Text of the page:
Day before Pittsburgh synagogue attack, new study showed a spike in online, anti-Semitic harassment

The study was released a day before the synagogue shooting in Pittsburgh.

Ahead of the looming midterm elections, far-right political extremists in the U.S. have ratcheted up online attacks and anti-Semitic harassment against Jewish candidates, journalists and other high-visibility members of the faith, according to a study released this weekend by the Jewish civil rights group the Anti-Defamation League.

The study was released just one day before a mass shooting at a Pittsburgh synagogue killed at least 11 people and wounded many more.

“Human users, however, still accounted for the majority of derogatory Twitter traffic,” according to the report.

It described the growing use of “Twitter bombing –- barraging hashtags associated with the Jewish community with highly politicized, and sometimes hateful, content in an effort to demobilize, co-opt and interrupt normal communication and organization over social media.”

The Twitter analysis examined 7,512,594 tweets and 8,183,545 hashtags between Aug. 31 and Sept. 17, 2018, and interviewed prominent Jewish figures in the U.S.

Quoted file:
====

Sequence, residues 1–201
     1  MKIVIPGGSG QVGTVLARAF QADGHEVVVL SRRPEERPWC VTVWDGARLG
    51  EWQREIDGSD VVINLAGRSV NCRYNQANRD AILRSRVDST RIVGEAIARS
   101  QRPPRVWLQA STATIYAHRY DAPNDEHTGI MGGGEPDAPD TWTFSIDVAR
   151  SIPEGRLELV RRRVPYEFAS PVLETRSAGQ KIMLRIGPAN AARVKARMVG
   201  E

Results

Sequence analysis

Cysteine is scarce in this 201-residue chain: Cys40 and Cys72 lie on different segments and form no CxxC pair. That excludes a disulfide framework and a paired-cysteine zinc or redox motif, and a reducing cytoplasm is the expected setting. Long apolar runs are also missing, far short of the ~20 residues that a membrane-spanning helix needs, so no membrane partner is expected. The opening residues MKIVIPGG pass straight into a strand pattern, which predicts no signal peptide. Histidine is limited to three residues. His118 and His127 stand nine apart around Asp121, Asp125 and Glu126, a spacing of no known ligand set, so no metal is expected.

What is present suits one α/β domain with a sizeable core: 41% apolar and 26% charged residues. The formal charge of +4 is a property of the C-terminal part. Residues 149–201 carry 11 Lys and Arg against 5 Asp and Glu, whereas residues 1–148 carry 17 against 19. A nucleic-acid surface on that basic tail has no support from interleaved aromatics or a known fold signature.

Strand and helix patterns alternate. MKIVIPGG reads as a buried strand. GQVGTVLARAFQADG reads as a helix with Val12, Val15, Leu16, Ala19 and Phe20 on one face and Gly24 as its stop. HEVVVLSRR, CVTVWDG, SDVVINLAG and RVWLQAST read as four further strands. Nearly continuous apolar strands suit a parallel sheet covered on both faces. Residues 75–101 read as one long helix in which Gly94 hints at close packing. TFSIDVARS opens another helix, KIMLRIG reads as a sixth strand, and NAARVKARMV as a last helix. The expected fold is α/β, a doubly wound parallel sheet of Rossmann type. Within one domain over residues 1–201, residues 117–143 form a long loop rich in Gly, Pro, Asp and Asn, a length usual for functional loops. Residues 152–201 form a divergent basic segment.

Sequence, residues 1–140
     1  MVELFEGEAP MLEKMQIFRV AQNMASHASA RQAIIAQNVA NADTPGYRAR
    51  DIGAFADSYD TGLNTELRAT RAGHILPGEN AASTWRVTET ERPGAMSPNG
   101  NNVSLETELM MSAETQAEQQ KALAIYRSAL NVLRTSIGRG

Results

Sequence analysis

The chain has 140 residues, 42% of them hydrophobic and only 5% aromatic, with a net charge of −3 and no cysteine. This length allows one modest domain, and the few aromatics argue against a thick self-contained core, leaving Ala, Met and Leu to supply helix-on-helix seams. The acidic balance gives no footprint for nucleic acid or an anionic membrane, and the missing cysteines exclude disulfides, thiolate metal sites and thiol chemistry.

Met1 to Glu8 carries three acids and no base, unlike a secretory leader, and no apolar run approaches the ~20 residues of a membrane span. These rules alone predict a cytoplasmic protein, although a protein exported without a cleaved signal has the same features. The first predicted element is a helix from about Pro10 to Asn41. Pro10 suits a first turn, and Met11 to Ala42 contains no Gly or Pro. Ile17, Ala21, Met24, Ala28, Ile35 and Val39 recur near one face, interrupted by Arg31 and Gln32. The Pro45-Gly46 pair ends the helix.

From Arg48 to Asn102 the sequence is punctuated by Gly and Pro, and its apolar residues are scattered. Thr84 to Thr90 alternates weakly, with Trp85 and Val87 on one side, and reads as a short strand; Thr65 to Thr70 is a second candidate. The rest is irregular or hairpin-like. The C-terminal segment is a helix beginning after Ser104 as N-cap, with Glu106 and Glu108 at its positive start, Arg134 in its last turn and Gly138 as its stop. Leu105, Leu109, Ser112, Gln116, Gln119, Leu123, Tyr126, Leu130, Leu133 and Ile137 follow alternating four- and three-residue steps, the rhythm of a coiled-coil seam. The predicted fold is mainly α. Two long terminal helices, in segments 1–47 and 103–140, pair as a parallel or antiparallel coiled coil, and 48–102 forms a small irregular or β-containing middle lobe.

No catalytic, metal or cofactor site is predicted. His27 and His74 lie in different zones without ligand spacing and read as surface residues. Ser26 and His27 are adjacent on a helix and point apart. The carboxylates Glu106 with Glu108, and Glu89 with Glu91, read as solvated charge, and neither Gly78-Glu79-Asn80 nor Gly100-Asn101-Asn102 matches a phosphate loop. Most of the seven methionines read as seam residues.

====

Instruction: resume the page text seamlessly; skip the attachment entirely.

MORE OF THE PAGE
Oxford scholar Samuel Woolley and co-author Katie Joseff -- who study computational propaganda -- cited a rise in both automation and anonymity in explaining the spike in online aggression.

“While each interview subject spoke of not wanting to let threats of the trolls affect their online activity, political campaigns, academic research or news reporting, they all admitted the threats of violence and deluges of anti-Semitism had become part of their internal equations,” wrote the authors, both researchers at the Institute for the Future’s Digital Intelligence Lab.

The study's look at social media comes as investigators are probing the online profile of the suspect in the shooting at Tree of Life*Or L’Simcha Saturday. Robert Bowers, 46, who lives in Pittsburgh, allegedly killed 11 people and wounded several others.